The biggest knock on Lindley is that he needs to improve his overall footwork and coordination inside the pocket. Thus, this isn’t a prospect that a team can plug into their offense and have him start in year one or two. But at 6-foot-4 and 230 pounds, Lindley looks the part and has very good arm strength. He can make all of the throws at the next level and is an accurate passer. He would be perfect for a team that already has its starter in place but is looking to groom a developmental quarterback for down the line (i.e. the Giants, Falcons or Packers).

Buzz building for Courtney Upshaw

University of Alabama linebacker Courtney Upshaw speaks to reporters during Media Day before his team take on Louisiana State University in the NCAA BCS National Championship, scheduled for January 9, in New Orleans, Louisiana January 6, 2012. REUTERS/Sean Gardner (UNITED STATES – Tags: SPORT FOOTBALL)

This kid is a beast and he’s likely moving up on many draft boards.

Will Courtney Upshaw be a defensive end or an outside linebacker in the NFL? The Alabama star and surefire first-round pick has insisted throughout Senior Bowl week that he has no preference.

But this much seems assured: The preference of opposing offensive tackles would be that he take up another line of work.

One of the standouts of a dominating Crimson Tide defense, Upshaw has had a fine week of practice at the Senior Bowl. He has worked with the defensive ends throughout the week, though he plans to do OLB drills at the Combine and at Alabama’s pro day. However, Upshaw did get some work standing up in a 3-4 look this week, noted Redskins defensive coordinator Jim Haslett, a member of the South coaching staff this week.

Haslett is among those who have been impressed by the first-team All-American, who garnered BCS championship game MVP honors with seven tackles and a sack in Alabama’s shutout of LSU.

“He’s a tightly built guy that’s powerful, extremely fast,” Haslett said. “… I think he’s got so much upside. I think he’s a heck of a football player.”

Power is the 6-1½, 273-pound Upshaw’s game, whether he’s playing the run or getting after the quarterback. The opposition knows this. What follows is a lot of pushing — and pulling, as Upshaw noted.

It’s early in the process, but draft mania is already catching fire. With Twitter we now have an outlet where more and more people can discuss topics like the draft. Upshaw will get a ton of attention throughout this process.

2012 Senior Bowl: Five players to Watch

You draftniks ready for another year of speculation, frenzy and intrigue leading up to this year’s NFL draft? Here are five players to keep an eye on this Saturday the 2012 Senior Bowl kicks off from Mobile, Alabama.

Nick Foles, QB, Arizona
The consensus ranks Stanford’s Andrew Luck and Baylor’s Robert Griffin III as the top two quarterbacks in this year’s draft, but who will be the third signal caller to come off the board? Some like Texas A&M’s Ryan Tannehill but keep an eye on how Foles plays this weekend. He’s a big kid at 6-foot-4 and 240 pounds and made strides as a senior this past year despite playing behind two freshman tackles. Arm strength definitely won’t be a problem but his accuracy and decision-making has often been questioned throughout his collegiate career. Once Luck and Griffin come off the board in the top 10 picks, Foles could be selected anywhere between the first and third rounds. Thus, this is one player that could definitely improve his draft stock with a strong showing in Mobile.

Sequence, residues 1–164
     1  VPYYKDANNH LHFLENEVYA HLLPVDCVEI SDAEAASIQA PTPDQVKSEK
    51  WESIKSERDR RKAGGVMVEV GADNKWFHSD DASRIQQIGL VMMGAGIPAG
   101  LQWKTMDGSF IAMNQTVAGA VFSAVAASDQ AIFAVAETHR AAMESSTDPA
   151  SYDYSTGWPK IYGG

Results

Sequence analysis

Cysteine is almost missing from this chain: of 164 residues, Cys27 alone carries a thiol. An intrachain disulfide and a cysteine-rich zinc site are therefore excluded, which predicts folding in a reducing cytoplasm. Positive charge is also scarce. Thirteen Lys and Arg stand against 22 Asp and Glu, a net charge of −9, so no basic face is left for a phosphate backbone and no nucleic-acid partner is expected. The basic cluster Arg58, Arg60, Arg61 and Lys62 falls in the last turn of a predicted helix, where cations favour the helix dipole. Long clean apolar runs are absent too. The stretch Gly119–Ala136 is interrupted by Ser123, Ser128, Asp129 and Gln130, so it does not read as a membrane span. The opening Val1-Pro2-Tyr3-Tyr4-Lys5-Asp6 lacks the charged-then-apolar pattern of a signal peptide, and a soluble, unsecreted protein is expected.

Melvin Ingram, DE, South Carolina
Top-rated defensive tackle Devon Still of Penn State will miss the Senior Bowl with a sprained big toe, so here’s Ingram’s chance to steal the spotlight. This isn’t regarded as a very strong draft for pass rushers but Ingram is a raw talent that can get to the quarterback in a variety of ways. He’s a three-technique defensive lineman who proved he could consistently beat blockers on the inside while at South Carolina. That said, 4-3 and 3-4 teams will take a long look at him because he exhibits a fast first step and good burst off the ball. He does a nice job of shedding blockers in the run game as well so again, he’ll intrigue teams that run a 3-4.

Mike Adams, OT, Ohio State
USC’s Matt Kalil and Iowa’s Riley Reiff are projected to be the top two tackles taken off the board but Adams is already gaining some attention in Mobile because of his frame. He’s massive at 6-foot-7 and 323 pounds, with an 82 1/2 –inch wingspan and huge 11-inch hands. Despite his size, he’s a good athlete with natural bend and is being viewed as a left tackle at the next level (as opposed to some college prospects that are forced to move to the right side because of limitations in their game). He was suspended the first two games of the 2009 season for violating team rules, was cited in January of ’09 for misdemeanor possession of drug paraphernalia (chargers were eventually dropped) after being stopped for running a stop sign, and was part of the group that was suspended for “Tattoogate.” But he has all of the physical tools to become a top 15 pick in April.

Joe Adams, WR, Arkansas
The top receiver in this year’s draft, Justin Blackmon, is a junior, while Kendall Wright, Michael Floyd and Nick Toon have all been declared out of the Senior Bowl with various injuries. Thus, Saturday is a great opportunity for a guy like Adams to impress. He returned a punt for a touchdown in Arkansas’ victory over Kansas State in the Cotton Bowl, which was his fourth punt-return TD of the season. He’s a perfect fit in the slot because of his quickness and vertical ability, as well as the fact that he has trouble disengaging defenders at the line. He needs to improve as a route runner but NFL teams will definitely look at him as a returner and a potential No. 3 wideout.

Janoris Jenkins, CB, North Alabama
Jenkins was overshadowed earlier in his college career by former top-10 pick Joe Haden (Browns) at Florida and then was kicked off the team his senior year following his arrest on misdemeanor marijuana charges (his second run in with the law). If he can stay out of trouble this kid has a ton of natural talent and could be a steal in the second or third round. He played a lot of man at North Alabama and has the ability to develop into a very good cover corner at the next level. Because of character concerns he’ll likely fall further in the draft than he should, but he’s got first-round talent.